Day & Hall: Littleton Road, Four Miles of Westford History (2022)


Pictures, maps, and so many stories tell the tale. Here is a look at the evolution of Littleton Road from 1900 to the current time. From just a scattering of homes to hundreds of rental units today; from dairy farms and turkey farms to international corporate businesses, it has been a time of record changes. Nothing describes it better than the pictures and stories people have shared. 




In 2001 June Kennedy asked Dick Kenyon to photograph the areas along Littleton Road. She could see the changes that had taken place since she and her husband Charlie moved in to Westford in 1961. Twenty-one years later we’ve built on Mr. Kenyon’s work. Did we doze off? No more flea-market, no more Polly’s Restaurant with the airplane on the roof, no more places to have your saws, mowers and ice skates sharpened. Where were Michelson’s, Burbeck’s, McDonald’s, Toy’s, and Nixon’s farms? Where were Rocky Farms, Sullivan’s bus lot, Cannonball Junction, the East Littleton Station, Mello’s sawmill, Sleeper’s Power Equipment? And where are the Minot Corner Schoolhouse, and the houses that were at 103, 107, and 228 Littleton Road today? 

And just to whet your appetite for an ice cream, what was Kimball Farms charging in 1951 for a Kimball Special? 

There’s an amazing amount of history to be found in just a few years and a few miles along Littleton Road, Westford.

About  the Authors

Marilyn (Green) Day is a New Hampshire native, growing up in Amherst and graduating from Milford High School over sixty years ago. After her marriage to Roger in 1961, they hopped around New England with his job, but in 1972, settled down for 25 years in the Day family homestead at 47 Graniteville Road.

She and Roger, have four children – the eldest a daughter – and three sons. Marilyn returned to the work force and college during the 1980s, obtaining her BS degree in Business Management/Computer Science from Rivier College in Nashua, N.H. while working for Siemens Components right here at 238 Littleton Road in Westford. But, she said, being director at the Westford Historical Society in the early 2000s was “the best job I ever had.” Marilyn says she credits, or blames, her eighth-grade history teacher, Miss Bertha Piper, for igniting her interest in local history. Later it would be those intriguing pages in the middle of the big, old family bibles from her Stearns and Davis maternal side with their handwritten records of past generations that really ignited her genealogical interest, and later still, Day family diaries, glass plate negatives, and other memorabilia. She says, I have been so fortunate to have had access to so much family history and town history and to have been able to share it with others.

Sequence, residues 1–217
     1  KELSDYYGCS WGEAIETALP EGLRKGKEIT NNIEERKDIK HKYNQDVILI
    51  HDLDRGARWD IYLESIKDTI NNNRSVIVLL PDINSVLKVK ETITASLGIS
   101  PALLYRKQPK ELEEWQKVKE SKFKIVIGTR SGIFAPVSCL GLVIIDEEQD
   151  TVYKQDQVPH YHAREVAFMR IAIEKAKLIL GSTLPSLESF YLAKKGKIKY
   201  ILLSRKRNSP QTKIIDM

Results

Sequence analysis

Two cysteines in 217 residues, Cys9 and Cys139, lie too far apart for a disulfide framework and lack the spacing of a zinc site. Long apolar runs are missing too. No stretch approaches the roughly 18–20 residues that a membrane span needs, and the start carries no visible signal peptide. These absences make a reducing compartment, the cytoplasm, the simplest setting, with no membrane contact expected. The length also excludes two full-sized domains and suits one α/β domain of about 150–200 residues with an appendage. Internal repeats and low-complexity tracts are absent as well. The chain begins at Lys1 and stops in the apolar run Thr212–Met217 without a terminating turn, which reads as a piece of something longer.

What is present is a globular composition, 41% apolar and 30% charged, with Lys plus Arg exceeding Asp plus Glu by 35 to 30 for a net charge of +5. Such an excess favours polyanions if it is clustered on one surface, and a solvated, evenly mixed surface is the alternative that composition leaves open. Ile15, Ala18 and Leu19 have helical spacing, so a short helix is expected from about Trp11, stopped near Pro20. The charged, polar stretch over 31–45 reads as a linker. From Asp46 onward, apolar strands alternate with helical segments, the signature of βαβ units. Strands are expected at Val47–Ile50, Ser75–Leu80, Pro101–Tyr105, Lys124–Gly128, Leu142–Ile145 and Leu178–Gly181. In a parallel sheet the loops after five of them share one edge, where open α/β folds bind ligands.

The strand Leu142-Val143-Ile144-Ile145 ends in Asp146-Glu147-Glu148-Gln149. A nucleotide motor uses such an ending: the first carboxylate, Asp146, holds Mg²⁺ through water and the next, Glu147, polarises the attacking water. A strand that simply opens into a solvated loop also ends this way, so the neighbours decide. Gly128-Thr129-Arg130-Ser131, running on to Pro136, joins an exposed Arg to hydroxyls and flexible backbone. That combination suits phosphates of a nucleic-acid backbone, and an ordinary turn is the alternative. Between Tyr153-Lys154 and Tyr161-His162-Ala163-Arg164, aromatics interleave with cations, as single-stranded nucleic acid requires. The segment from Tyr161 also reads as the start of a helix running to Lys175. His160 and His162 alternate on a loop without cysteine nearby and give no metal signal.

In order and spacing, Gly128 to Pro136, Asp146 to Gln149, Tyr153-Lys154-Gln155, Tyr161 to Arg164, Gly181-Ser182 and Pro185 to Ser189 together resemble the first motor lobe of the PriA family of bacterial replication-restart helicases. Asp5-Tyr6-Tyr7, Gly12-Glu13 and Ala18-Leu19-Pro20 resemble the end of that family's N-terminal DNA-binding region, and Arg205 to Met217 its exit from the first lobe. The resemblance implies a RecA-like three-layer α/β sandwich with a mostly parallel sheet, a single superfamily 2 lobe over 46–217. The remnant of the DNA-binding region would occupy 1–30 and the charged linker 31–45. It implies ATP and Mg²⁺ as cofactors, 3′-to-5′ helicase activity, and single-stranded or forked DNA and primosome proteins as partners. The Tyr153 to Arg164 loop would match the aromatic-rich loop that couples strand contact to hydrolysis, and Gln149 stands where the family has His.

Geoffrey D. Hall is a third generation Westfordite. Upon his retirement as a teacher/State representative in 2008 he had been active with the Westford Historical Society serving as President from 2014-2016. He is past president of the Westford academy Alumni Association having been a graduate of WA in 1966. Presently Geoff is serving as president of the Westford Academy Board of Trustees.

His love of history and Westford has drawn him to produce several documentaries involving the town’s history. He says that without the guidance of the many volunteers he has worked with none of these would have been possible.


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